“Everybody’s in a queue, so there are blockages in the parking lot, there are blockages in the aisles, blockages at the checkout. That’s exactly what’s happening with a GPU.”

Cerebras’s response is to put 900,000 cores, plus lots of memory, onto a single, enormous chip, to reduce the complexity of connecting up multiple chips and piping data between them.

Its CS-3 chip is the largest in the world by a factor of 50.

“Our chip is the size of a dinner plate—a GPU is the size of a postage stamp,” says Mr Feldman.

On-chip connections between cores operate hundreds of times faster than connections between separate GPUs, Cerebras claims, while its approach reduces energy consumption by more than half, for a given level of performance, compared with Nvidia’s most powerful GPU offering.

Groq, a startup from Mountain View, California, is taking a different approach.

Its AI chips, called language processing units (LPUs), are optimised to run large language models (LLMs) particularly quickly.

In addition to containing their own memory, these chips also act as routers, passing data among the interconnected LPUs.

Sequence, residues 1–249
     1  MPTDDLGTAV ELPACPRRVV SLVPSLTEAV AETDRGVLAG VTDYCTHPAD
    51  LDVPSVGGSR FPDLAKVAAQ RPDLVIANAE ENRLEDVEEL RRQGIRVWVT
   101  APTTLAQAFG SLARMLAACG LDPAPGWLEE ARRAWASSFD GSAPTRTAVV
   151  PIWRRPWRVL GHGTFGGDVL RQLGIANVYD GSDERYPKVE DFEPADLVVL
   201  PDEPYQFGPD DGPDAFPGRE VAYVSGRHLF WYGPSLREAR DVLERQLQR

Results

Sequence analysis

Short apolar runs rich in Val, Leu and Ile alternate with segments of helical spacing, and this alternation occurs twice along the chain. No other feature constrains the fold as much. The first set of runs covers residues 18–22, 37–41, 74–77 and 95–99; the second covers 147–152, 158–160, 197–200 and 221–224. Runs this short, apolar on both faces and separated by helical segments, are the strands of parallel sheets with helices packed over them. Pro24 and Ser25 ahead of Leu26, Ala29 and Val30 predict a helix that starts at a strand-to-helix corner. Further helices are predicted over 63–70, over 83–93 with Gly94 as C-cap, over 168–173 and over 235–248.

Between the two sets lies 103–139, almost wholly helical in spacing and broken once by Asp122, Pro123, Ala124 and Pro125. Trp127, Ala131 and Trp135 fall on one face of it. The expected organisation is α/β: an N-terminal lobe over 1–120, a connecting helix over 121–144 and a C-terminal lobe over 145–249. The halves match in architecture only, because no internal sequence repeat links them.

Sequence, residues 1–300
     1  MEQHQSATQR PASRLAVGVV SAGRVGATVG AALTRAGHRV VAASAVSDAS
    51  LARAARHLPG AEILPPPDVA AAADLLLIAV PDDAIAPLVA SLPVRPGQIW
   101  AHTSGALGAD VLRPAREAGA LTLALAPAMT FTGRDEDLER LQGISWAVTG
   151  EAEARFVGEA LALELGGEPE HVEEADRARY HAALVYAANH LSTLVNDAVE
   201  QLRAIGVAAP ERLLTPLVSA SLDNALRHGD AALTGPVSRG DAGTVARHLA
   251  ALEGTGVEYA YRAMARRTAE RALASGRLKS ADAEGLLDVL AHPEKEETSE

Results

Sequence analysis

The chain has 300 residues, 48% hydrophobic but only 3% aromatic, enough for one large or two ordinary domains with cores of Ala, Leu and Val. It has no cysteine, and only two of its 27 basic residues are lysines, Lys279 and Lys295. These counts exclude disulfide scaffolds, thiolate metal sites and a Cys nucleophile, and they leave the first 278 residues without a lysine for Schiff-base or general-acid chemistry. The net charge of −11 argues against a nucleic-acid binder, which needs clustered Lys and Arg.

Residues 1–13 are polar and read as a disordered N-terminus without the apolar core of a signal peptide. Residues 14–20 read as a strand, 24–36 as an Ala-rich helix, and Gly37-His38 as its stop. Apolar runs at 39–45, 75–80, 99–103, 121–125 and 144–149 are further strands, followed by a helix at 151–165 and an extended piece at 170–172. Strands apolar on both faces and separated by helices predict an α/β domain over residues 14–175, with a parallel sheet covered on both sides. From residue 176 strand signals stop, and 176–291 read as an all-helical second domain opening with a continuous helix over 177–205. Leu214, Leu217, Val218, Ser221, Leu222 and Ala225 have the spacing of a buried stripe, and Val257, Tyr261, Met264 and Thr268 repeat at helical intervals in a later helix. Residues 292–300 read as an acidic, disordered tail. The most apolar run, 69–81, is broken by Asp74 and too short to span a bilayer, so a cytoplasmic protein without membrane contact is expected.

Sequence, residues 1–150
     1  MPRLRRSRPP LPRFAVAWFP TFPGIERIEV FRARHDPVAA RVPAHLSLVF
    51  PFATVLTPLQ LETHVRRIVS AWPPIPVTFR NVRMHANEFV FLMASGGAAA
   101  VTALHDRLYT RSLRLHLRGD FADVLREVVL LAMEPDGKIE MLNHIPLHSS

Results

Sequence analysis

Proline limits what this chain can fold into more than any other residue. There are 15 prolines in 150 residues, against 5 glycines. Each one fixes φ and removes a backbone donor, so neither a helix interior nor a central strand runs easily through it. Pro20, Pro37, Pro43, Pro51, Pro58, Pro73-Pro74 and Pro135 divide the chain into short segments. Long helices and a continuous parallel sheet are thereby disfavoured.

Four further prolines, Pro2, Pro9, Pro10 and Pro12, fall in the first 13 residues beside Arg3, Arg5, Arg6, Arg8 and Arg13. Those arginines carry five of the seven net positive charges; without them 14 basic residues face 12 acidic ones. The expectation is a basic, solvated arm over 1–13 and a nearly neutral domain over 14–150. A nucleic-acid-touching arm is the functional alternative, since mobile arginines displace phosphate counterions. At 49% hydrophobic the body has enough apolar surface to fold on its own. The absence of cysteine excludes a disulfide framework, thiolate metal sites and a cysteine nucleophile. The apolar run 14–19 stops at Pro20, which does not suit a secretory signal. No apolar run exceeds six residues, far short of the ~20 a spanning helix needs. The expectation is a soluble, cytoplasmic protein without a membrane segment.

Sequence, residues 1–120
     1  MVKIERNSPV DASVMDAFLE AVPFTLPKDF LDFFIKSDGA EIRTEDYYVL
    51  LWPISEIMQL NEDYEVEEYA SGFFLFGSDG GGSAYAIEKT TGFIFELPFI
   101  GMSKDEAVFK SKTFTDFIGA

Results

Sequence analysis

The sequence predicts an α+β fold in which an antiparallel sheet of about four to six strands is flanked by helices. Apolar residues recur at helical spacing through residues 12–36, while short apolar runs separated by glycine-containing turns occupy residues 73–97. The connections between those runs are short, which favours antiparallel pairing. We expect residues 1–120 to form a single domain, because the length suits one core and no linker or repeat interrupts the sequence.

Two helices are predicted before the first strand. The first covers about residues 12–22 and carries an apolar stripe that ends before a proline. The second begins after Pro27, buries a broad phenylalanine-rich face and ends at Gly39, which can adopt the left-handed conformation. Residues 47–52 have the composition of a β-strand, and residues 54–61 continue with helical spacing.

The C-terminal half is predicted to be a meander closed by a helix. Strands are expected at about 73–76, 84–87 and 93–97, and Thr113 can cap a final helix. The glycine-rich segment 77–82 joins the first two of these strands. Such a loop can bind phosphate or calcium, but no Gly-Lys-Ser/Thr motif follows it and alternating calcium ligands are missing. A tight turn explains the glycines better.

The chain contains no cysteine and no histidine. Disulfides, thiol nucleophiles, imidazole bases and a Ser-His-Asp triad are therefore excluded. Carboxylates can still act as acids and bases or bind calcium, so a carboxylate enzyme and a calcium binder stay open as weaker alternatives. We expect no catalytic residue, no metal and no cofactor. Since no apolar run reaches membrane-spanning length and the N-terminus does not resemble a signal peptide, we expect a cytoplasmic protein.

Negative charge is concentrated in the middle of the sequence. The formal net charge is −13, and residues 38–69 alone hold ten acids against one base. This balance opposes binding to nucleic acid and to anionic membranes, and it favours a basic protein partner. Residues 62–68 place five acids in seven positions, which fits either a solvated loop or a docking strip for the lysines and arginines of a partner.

Clever routing software eliminates the variation in latency, or time spent waiting for data, allowing the whole system to run in lockstep.

This greatly boosts efficiency, and thus speed: Groq says its lpu can run big LLMs ten times faster than existing systems.

Yet another approach is that taken by MatX, also based in California.

Software is king,

GPUs contain features and circuitry that provide flexibility for graphics, but are not needed for LLMs, says Reiner Pope, one of the firm’s co-founders.

The GPU-like chip his firm is working on gets rid of such unnecessary cruft, boosting performance by doing fewer things better.

Other startups in this area include Hailo, based in Israel, which raised $120m in funding in April; Taalas, based in Toronto; Tenstorrent, an American firm using the open-source risc v architecture to build AI chips; and Graphcore, a British company that was early to the game but failed to gain traction, and is thought to be about to sell itself to SoftBank, a Japanese conglomerate. Big tech firms are also building their own AI chips.

Google has developed its own “tensor processing units” (TPUs), which it makes available as a cloud-computing service. (It unveiled the latest version of the TPU, known as Trillium, on May 14th.) Amazon, Meta and Microsoft have also made custom chips for cloud-based AI; Openai is planning to do so.

And AMD and Intel, two big incumbent chipmakers, make GPU-like chips in an effort to compete with Nvidia.

Is greatness a transitory experience?